The art of Byzantium
Time: 14:00 - 16:00
This course will be delivered online. See the ‘What is the course about?’ section in course details for more information.
Course Code: VB661
Duration: 5 sessions (over 5 weeks)
Please note: We offer a wide variety of financial support to make courses affordable. Just visit our online Help Center for more information on a range of topics including fees, online learning and FAQs.
What is the course about?
Byzantium, or the Eastern Roman Empire, was officially founded in the 4th century CE. by Constantine I, who gave his name to the new Eastern capital Constantinople, built on the ancient city of Byzantium. It was the first Christian superpower, under which a unique visual culture was forged, lending its style to great works of architecture and design, as well as a wide variety of state- supported arts and crafts.
In this course we will study the influences of the cultures within the Empire that contributed to the visual flavor of Byzantine art, such as the craft traditions of Egypt and the Near East, superimposed upon the Hellenic and Roman roots of the Empire. We will also look at the impact of the arts of conquered Northern tribes that added to a rich creative synergy dedicated to the glory of the Eastern Orthodox Church and its Patriarchy.
There will be a focus on the creative explosion of the reign of Justinian I in the 6th century, the building and design of Hagia Sophia in Constantinople, his expansion into Ravenna, and the development of state-controlled craft industries in Italy, Syria and Egypt that supported his vision, such as glass, mosaic, gold and metalwork, lapidary-work, textiles and painting.
Tracing the subsequent development of later Byzantine arts, we will examine some of its influences on the arts of Italy and Europe, the Islamic Caliphates, and the Ottoman Empire under which Constantinople finally fell in 1453. Finally, we will explore the resonance of Byzantine art in the 19th century and beyond, interwoven with new aesthetics in painting, design, and book illustration.
This is a live online course. You will need:
- Internet connection. The classes work best with Chrome.
- A computer with microphone and camera is best (e.g. a PC/laptop/iMac/MacBook), or a tablet/iPad/smart phone/iPhone if you don't have a computer.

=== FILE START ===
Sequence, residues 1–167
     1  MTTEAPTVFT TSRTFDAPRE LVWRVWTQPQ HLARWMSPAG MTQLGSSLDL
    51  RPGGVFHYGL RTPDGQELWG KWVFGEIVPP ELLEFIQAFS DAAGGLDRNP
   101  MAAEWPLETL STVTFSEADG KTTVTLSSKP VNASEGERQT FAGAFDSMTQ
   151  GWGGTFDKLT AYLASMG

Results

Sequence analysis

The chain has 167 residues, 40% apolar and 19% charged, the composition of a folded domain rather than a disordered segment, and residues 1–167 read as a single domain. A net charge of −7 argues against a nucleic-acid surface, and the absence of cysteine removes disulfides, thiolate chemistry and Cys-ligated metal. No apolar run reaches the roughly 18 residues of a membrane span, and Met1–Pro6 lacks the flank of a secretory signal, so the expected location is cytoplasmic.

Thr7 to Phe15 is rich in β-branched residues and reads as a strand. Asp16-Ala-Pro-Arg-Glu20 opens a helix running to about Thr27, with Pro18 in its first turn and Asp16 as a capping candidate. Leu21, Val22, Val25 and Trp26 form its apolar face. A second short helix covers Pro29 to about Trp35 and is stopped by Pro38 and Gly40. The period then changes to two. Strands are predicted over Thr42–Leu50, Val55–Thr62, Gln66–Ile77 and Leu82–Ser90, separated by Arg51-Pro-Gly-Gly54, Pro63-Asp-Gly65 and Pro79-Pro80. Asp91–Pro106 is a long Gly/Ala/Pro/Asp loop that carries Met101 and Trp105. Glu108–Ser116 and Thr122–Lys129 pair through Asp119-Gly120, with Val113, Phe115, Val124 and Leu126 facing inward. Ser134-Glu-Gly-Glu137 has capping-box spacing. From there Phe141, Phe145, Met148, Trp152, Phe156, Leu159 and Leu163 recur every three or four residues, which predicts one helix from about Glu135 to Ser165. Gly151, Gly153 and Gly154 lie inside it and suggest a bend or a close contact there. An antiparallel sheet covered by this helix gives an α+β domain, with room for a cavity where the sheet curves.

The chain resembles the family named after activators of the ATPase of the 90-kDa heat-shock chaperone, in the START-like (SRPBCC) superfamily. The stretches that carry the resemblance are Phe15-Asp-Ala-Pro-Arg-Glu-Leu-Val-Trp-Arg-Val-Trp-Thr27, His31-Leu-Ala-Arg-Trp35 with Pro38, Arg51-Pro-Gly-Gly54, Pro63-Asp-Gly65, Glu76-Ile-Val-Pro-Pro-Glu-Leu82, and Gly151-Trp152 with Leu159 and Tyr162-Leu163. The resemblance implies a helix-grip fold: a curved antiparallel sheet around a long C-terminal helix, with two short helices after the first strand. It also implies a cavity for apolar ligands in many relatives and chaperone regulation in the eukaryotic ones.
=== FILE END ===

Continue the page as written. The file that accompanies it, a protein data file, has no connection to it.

We will contact you with joining instructions before your course starts.
What will we cover?
• The rise of Byzantine visual culture, and the influences that fed into it.
• Hagia Sophia, and achievements in architecture and design under Justinian I (527 – 565 CE)
• State controlled craft industries in the Near East.
• Textile industries under Byzantium.
• The influence of Byzantine art on other cultures.
What will I achieve?
By the end of this course you should be able to...
· List the diverse cultural influences that went into the development of Byzantine art and crafts.
· Describe the creation and impact of Justinian’s Hagia Sophia at Constantinople.
· Identify and describe 3 examples of Byzantine crafts.
· Discuss the wider impact and influence of Byzantine art on subsequent cultures.
What level is the course and do I need any particular skills?
This course is suitable for all levels.
You should be able to follow simple written and verbal instructions, demonstrations, hand-outs and health and safety information, and will be invited to take part in group discussion.
How will I be taught, and will there be any work outside the class?
You will be taught with slide presentations and group discussions. You will be supplied with weekly handouts on each topic, with summaries, pictures and resources. You will be given some reading and quizzes to consolidate your understanding of the subject.
Are there any other costs? Is there anything I need to bring?
You might wish to bring a notebook and pencil. You might also wish to buy some of the books on any reading list given out in class, this being a matter of personal choice.
When I've finished, what course can I do next?
VB438: Arts of the Empire Builders: Timurids, Safavids and Mughals
VB708: Arts of the Golden Age of the Ottoman Empire.
Anita Chowdry is a London based visual artist, educator and researcher. Her particular interest is in the arts of the Islamic World and South Asia, and the materials and processes that went into them. She has an M.A. in Art and Science from Central Saint Martin’s UAL, and is currently engaged in the codicological study of a group of 15th Century Turcoman manuscripts at the Bodleian Library, Oxford. Anita has over 30 years’ experience teaching art and process to adults and professional groups, covering major institutions in the UK and abroad.
Please note: We reserve the right to change our tutors from those advertised. This happens rarely, but if it does, we are unable to refund fees due to this. Our tutors may have different teaching styles; however we guarantee a consistent quality of teaching in all our courses.